I recently had a discussion about creativity with a colleague. We were discussing music and how creative many bands and groups are. At the end of our conversation, my friend told me, half-sarcastic-half-serious, how much more creative the people in the music industry are than him and that he just cannot find good ideas in his area of research even though he tried so hard for such a long time. I was a bit surprised because I thought of him as someone very creative. However, it is not uncommon to hear scientists lament about their lack of creativity compared to academic superstars. I think about creativity in academia is a bit distorted and a straight view can help to feel less bad about one’s own creativity.
This blog post is about my work, Sparse Networks from Scratch: Faster Training without Losing Performance, with Luke Zettlemoyer on fast training of neural networks which we keep sparse throughout training. We show that by developing an algorithm, sparse momentum, we can initialize a neural network with sparse random weights and train it to dense performance levels — all while doing just a single training run. Furthermore, If we use optimized sparse convolution algorithms, we can speed up training between 3.5x for VGG to 12x for Wide Residual Networks. This stands in stark contrast to computationally expensive methods which require repetitive prune-and-retrain cycles as used by the Lottery Ticket Hypothesis (Frankle and Carbin, 2019) and other work. Thus we show that training sparse networks to dense performance levels does not require “winning the initialization lottery” but can be done reliably from random weights if combined with a method that moves weights around the network in a smart way. We call the paradigm that maintains sparsity throughout training while maintaining dense performance levels sparse learning. While this work shows that sparse learning is possible, future work holds the promise to train larger and deep networks on more data while requiring the same or less computational resources as current dense networks.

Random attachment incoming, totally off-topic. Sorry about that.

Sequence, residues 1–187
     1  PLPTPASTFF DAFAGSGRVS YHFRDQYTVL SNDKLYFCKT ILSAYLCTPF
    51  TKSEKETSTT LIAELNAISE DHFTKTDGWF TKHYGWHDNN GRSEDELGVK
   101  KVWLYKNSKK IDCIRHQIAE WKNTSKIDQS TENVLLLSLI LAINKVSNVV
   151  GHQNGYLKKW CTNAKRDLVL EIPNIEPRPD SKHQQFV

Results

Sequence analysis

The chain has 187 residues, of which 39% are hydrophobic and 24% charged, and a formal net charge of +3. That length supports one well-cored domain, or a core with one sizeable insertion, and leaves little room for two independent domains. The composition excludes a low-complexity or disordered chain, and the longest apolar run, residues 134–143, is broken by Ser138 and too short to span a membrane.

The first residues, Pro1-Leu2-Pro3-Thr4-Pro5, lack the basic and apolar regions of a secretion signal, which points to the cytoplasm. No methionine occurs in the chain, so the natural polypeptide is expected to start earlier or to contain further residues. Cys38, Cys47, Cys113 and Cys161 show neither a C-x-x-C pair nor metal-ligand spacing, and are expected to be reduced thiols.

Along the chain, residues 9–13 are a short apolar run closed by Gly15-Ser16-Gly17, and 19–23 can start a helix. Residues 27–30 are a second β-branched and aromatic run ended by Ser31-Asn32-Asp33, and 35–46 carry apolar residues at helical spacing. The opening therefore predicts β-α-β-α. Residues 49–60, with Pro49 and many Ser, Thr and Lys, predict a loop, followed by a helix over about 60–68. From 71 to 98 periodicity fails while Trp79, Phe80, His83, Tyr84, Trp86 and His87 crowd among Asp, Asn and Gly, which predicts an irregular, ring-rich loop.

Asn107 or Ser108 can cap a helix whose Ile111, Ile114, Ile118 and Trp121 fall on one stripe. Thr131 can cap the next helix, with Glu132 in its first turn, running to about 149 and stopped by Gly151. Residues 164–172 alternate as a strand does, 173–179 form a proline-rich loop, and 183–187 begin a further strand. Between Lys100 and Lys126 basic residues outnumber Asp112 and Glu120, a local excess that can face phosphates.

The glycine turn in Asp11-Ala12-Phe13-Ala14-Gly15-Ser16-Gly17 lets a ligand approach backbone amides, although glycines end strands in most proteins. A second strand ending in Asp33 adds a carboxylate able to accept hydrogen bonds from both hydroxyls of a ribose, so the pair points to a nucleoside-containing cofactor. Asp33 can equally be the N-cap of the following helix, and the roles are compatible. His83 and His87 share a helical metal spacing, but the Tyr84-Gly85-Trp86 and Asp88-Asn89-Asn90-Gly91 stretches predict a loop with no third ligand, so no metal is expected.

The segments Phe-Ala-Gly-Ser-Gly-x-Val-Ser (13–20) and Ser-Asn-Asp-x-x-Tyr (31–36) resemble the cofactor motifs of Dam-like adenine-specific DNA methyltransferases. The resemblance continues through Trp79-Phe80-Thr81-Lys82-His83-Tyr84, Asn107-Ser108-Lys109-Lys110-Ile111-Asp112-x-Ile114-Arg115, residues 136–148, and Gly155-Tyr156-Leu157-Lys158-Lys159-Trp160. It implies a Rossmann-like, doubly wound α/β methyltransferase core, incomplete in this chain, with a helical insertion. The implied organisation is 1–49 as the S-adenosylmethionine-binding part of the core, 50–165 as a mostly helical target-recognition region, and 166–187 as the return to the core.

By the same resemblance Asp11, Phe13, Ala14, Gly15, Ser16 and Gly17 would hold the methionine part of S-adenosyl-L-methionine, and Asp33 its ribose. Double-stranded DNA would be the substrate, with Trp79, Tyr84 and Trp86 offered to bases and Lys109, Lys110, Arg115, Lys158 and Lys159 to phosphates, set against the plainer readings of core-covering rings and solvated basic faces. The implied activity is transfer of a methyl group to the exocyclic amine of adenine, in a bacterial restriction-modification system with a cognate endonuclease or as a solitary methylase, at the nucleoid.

Deep learning is a field with intense computational requirements and the choice of your GPU will fundamentally determine your deep learning experience. But what features are important if you want to buy a new GPU? GPU RAM, cores, tensor cores? How to make a cost-efficient choice? This blog post will delve into these questions and will lend you advice which will help you to make a choice that is right for you.
[Read more…] about Which GPU(s) to Get for Deep Learning: My Experience and Advice for Using GPUs in Deep Learning
Deep Learning is very computationally intensive, so you will need a fast CPU with many cores, right? Or is it maybe wasteful to buy a fast CPU? One of the worst things you can do when building a deep learning system is to waste money on hardware that is unnecessary. Here I will guide you step by step through the hardware you will need for a cheap high-performance system.
I studied in depth how to be successful in my PhD applications and it paid off: I got admitted to Stanford, University of Washington, UCL, CMU, and NYU. This blog post is a mish-mash of how to proceed in your PhD applications from A to Z. It discusses what is important and what is not. It discusses application materials like the statement of purpose (SoP) and how to make sense of these application materials.